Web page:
Keystone XL Pipeline
Canada has always been an important supplier of resources to America. In fact, Canada is the single largest source of our imported oil. But there is an opportunity to access even more oil that Canada wants to sell to the U.S. and replace imports from unfriendly countries.
Gas prices are a key concern to our economic well-being, but we also need to worry about the countries we rely on for oil. Currently America relies too much on the Middle East, Nigeria, Angola, and South American dictator Hugo Chavez for our oil supply. Increasing our oil supply from a friendly neighbor like Canada will have positive effects on our nation's energy security. The construction of the Keystone XL pipeline will help accomplish that goal by dramatically increasing oil imports sands from Canada to American refineries.
The federal government must take action to allow the building of the Keystone XL pipeline to get Canadian oil sands to American refineries; however, the Obama administration has been delaying the construction of the pipeline since 2008. Fortunately, the State Department is in the final stages of determining whether to approve a permit for the pipeline.
If America passes up this opportunity to build the pipeline, Canada will find another market for its oil, and the thousands of refinery, construction and related jobs that go with it.
Almost 1,000 U.S. companies in 47 states are suppliers of materials, equipment, or services to support Canadian oil sands production. According to the Canadian Energy Research Institute, the development of oil sands in Canada will have an economic impact leading to more than 342,000 new American jobs in the next five years and add $34 billion to U.S. gross domestic product in 2015. The infrastructure to transport Canadian oil to the U.S. will also mean more tax revenue for state and local governments to fund critical services. Although the project doesn't run through New Jersey, we will see the benefits by getting energy from a reliable and dependable trading partner and increased economic development.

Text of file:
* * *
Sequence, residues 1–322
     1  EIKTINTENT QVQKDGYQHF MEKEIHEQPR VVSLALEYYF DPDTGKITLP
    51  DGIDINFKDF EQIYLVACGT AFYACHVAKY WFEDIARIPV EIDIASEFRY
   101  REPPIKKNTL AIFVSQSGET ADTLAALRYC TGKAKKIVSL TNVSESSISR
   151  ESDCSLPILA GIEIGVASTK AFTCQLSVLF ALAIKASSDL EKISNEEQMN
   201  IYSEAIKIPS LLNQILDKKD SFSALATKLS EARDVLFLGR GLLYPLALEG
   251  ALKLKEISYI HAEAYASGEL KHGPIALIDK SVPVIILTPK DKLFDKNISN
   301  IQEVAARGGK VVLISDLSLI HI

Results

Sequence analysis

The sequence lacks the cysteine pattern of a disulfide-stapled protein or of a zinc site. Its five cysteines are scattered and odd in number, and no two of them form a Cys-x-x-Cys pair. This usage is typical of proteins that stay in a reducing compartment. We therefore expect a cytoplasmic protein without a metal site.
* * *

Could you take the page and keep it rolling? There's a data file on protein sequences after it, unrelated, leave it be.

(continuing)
Click here to contact the U.S. Department of State and tell them America needs to reduce oil imports from the Middle East!
Governor Repeals Regional Greenhouse Gas Initiative (RGGI)
In a surprise announcement, Governor Christie has indicated New Jersey will withdraw itself from the Regional Greenhouse Gas Initiative (RGGI) by year's end.
RGGI is a 10-state program which created the nation's first cap-and-trade program for greenhouse gases. NJFC attended the Governor's press conference where he stated "This program is not effective in reducing greenhouse gases and is unlikely to be in the future. The whole system is not working as it was intended to work. It's a failure."
NJFC has been supportive of a RGGI pull-out due to the costs borne by ratepayers in their electric bills to fund the cap-and-trade program. "Energy is the third highest cost to supermarkets and food retailers behind only product and labor. Our stores require the most amount of power out of any retail format due to cooling, lighting, storage and other requirements. Although the concept of RGGI was innovative, the Governor correctly pointed out that the market system it set up was not functioning properly. RGGI ended up being a back door energy tax that raised costs for all New Jerseyans but did little to reduce pollution," said NJFC President Linda Doherty in reaction to the Governors withdrawal from RGGI.
Below are links to the Department of Environmental Protection's RGGI Program Overview, and Governor Chris Christie's May 2011 video and transcript of New Jersey's repeal of RGGI.
NJDEP Office of Climate and Energy: Regional Greenhouse Gas Initative (RGGI)
Governor Christie: New Jersey's Future is Green